Washington Capitals: What It'll Take to Bring the Cup Home

Kyle HollandCorrespondent IJanuary 1, 2010

WASHINGTON - DECEMBER 23:  Mike Green #52 of the Washington Capitals celebrates with teammates after scoring in the first period against the Buffalo Sabres at the Verizon Center on December 23, 2009 in Washington, DC.  (Photo by Greg Fiume/Getty Images)
Greg Fiume/Getty Images

The Washington Capitals, who are second in the East, fourth in the NHL overall and first in goals scored this season, are considered a favorite from the East to make it to the Stanley Cup Finals this year, along with Pittsburgh and New Jersey. They certainly have their work cut out for them against the other two teams.

Pittsburgh has virtually the same team it did when it won the Cup—minus Sykora, Satan, Scuderi, and Gil. Satan and Sykora were virtually disposable and invisible during the Cup run, but Scuderi and Gil were vital.

However, Pittsburgh has done a great job scouting and developing players on their blue-line and Jay Mckee and Mark Eaton are doing a fine job as shutdown defense men for them.

Pittsburgh's biggest advantage is in net and with its centers. Fleury has proven in his young age that he's going to be one of the most elite goaltenders in the NHL for years to come with back-to-back Cup finals appearances along with a Cup win. He single handily won Games Six and Seven for Pittsburgh to capture the Cup. His save at the end of Game Seven against Lidstrom broke my heart because I swear it was going in and sending the game into every fans dream: overtime in game seven of the Stanley Cup finals.

Now, about Pittsburgh's centers, forget about Crosby and Malkin for a second and look at Jordan Staal. Certainly on any other team he'd have a bigger role than he does in Pittsburgh.

It's hard to sit in the shadows of Crosby and Malkin, but Staal provides something the Capitals don't have, a third line center who can shut down the best in the league, and score too.

Video Play Button
Videos you might like

Along with Malkin and Crosby, who were a force in the playoffs last year, the Penguins are a year more experienced, and have yet to reach their prime. That's kind of scary for every other team in the NHL.

New Jersey Devils are on top of the Eastern Conference and tied for second in the NHL. That's hard to imagine given they've been hit by the injury bug worse than anyone. But they have Martin Brodeur, who seems ageless. However, New Jersey hasn't made it past the second round since 2003, when it won the Cup. If the Devils do the smart thing and rest Brodeur going into the playoffs and get all their injured players back, they'll be one of the toughest teams to beat going into the playoffs.

Now, the Capitals, what do they need to win a Stanley Cup?

They have the most exciting player in hockey, Alexander Ovechkin, one of the best play-making centers in Nicklas Backstrom, the best offensive defenseman in Mike Green, another Alexander who is as dangerous a scoring threat as Ovechkin in Semin. Well, the Capitals need a capable, veteran shut-down defenseman, more importantly, one who is in his prime.

The problem is their isn't really anyone available. There is no one capable in free agency, or the Capitals would've signed him to a one-year deal already. The Capitals would be looking for a player with an expiring contract to leave space to sign Backstrom, Tomas Fleishmann, David Steckel, Eric Fehr, and Jeff Schultz to raises. Washington would be trying to see if Brendan Morrison, who has ressurected his career, fits into their future as well.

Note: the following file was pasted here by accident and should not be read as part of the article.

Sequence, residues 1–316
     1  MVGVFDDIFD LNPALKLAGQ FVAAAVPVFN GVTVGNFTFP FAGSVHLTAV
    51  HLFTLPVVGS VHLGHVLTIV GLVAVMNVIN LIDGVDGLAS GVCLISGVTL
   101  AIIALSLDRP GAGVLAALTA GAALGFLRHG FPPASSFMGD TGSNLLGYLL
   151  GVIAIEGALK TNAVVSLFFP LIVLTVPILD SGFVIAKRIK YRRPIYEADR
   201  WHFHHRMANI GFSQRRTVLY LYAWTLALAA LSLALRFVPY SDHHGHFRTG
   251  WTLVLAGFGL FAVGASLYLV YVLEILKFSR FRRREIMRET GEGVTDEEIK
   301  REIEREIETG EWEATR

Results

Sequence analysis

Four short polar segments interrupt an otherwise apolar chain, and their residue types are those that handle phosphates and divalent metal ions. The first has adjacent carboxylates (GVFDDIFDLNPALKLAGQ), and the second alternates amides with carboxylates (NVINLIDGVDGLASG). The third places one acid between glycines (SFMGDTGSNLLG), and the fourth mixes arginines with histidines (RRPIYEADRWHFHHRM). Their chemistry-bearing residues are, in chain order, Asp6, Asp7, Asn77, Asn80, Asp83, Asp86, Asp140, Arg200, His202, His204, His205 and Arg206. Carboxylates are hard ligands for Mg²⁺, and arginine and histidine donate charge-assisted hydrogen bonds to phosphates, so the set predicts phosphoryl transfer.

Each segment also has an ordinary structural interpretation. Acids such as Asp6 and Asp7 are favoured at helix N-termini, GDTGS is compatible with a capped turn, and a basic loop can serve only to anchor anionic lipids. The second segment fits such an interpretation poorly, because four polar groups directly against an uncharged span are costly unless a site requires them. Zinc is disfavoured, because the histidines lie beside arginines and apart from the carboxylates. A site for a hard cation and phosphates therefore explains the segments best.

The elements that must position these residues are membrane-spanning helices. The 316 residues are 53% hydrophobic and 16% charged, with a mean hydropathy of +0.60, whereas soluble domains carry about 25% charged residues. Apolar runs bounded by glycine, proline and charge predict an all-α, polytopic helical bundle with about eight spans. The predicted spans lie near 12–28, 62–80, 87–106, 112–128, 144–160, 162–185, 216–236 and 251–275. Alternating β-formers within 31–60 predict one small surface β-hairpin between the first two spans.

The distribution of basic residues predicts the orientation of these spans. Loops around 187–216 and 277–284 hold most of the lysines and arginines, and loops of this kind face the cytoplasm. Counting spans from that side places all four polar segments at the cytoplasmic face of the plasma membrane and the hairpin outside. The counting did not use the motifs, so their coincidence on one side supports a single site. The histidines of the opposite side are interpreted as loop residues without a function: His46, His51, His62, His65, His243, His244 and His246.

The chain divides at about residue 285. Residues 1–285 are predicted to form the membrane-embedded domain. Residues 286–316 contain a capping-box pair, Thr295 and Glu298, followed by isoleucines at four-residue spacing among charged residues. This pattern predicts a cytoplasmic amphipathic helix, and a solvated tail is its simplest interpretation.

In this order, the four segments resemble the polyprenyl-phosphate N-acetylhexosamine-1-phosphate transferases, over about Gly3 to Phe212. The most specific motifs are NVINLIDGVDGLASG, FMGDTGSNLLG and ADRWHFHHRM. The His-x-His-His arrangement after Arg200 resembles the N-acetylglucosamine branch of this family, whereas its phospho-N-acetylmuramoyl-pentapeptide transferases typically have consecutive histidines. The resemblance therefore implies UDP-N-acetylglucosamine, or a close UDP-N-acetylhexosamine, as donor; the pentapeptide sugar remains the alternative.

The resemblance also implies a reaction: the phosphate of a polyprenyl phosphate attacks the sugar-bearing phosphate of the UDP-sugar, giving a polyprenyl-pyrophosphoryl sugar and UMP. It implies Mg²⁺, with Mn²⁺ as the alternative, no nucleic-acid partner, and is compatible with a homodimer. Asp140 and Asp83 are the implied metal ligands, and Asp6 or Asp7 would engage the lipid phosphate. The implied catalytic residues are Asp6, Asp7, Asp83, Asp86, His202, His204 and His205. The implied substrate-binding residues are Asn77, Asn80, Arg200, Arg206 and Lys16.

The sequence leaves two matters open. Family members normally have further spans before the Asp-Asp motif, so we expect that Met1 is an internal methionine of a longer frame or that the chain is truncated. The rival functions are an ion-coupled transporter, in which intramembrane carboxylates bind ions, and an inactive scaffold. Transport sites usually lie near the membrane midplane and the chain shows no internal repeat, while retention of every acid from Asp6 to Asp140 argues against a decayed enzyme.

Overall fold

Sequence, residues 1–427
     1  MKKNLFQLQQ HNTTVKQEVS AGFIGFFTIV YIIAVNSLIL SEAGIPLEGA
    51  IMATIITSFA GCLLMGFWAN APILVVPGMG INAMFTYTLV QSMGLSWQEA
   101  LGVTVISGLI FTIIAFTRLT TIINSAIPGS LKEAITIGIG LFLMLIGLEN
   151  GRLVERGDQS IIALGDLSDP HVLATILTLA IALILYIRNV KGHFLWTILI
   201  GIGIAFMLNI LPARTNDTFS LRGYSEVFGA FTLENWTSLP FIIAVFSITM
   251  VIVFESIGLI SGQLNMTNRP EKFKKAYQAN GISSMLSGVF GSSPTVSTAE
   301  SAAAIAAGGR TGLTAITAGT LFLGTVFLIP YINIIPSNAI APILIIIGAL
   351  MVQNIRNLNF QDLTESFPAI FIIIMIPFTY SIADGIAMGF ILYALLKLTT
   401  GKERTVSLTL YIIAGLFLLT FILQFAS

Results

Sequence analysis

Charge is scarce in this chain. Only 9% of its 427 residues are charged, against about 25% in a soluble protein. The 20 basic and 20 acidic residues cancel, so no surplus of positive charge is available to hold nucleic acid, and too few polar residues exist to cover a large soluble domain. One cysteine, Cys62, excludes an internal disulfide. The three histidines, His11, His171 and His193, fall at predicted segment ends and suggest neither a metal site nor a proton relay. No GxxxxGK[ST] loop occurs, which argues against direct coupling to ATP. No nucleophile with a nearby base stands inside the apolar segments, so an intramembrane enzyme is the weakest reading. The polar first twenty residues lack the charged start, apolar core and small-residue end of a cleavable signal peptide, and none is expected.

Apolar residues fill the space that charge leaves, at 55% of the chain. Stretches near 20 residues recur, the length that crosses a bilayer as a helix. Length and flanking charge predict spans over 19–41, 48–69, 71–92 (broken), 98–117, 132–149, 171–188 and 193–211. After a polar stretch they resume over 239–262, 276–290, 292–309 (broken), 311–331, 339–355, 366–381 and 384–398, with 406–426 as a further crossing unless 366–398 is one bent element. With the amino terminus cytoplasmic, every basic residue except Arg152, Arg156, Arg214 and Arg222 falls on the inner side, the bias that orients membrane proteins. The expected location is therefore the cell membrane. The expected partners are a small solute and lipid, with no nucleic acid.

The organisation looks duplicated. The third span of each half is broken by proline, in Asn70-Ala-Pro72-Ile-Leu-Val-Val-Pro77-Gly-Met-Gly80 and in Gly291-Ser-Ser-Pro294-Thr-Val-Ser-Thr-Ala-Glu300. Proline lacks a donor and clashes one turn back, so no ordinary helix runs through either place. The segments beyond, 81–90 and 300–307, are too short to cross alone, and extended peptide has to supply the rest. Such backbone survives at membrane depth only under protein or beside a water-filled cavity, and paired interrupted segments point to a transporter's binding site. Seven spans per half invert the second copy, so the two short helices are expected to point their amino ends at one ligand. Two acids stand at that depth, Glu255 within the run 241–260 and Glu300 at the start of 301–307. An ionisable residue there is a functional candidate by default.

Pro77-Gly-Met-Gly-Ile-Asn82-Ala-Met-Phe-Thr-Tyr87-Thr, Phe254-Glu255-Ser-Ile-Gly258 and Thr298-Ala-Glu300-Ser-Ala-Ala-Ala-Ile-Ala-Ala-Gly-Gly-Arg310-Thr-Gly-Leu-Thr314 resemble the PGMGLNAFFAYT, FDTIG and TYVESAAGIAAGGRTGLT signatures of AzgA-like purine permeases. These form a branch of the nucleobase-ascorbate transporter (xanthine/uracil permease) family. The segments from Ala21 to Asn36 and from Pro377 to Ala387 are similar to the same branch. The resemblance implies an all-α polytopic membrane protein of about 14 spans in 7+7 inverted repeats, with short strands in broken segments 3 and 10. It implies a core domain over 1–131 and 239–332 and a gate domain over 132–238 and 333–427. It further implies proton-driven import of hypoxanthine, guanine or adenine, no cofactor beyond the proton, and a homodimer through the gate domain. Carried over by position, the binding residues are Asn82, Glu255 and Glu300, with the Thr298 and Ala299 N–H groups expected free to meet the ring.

One would say goaltending is a big issue, and that's true, but Semyon Varlamov had been spectacular before he was injured. Theodore has been average, but Michael Neuvirth has been great in his call up after first getting his feet wet in the NHL.

Many goaltenders have won Cups at very young ages. Varlamov is still green in net, but if he gets more confidence this season heading into the playoffs, he could be the force he was against New York and most of the Pittsburgh series all the way through the post season.

Mike Green has been better in his own zone, which is a huge plus for the Capitals because he was atrocious last year, and many believe that's what kept him off team Canada for the Olympics, despite him being the best offensive defenseman. Karl Alzner has also improved defensively since his cup of tea last year for the Capitals and Jeff Schultz has been improving as well.

Defense is obviously the Capitals biggest concern for winning a Cup and this isn't the NHL in the '80s in which you could just simply out-score your opponent. If it were, the Capitals would have the best chance of winning the Cup now. Yet, it can still help their case this year.

Last year Ovechkin was so-so against the Rangers and Semin was hot. Against Pittsburgh, Ovechkin was smoking hot while Semin was ice cold. Semin and Ovechkin have to both be hot through the playoffs for the Capitals to win the Cup regardless of their defense and goaltending.

The Capitals have three dangerous lines that can score. That's the one advantage they have over Pittsburgh and New Jersey. If Varlamov can keep up with Brodeur and Fleury, and the defense tightens up, the Capitals have a chance of going to the finals to win a Cup.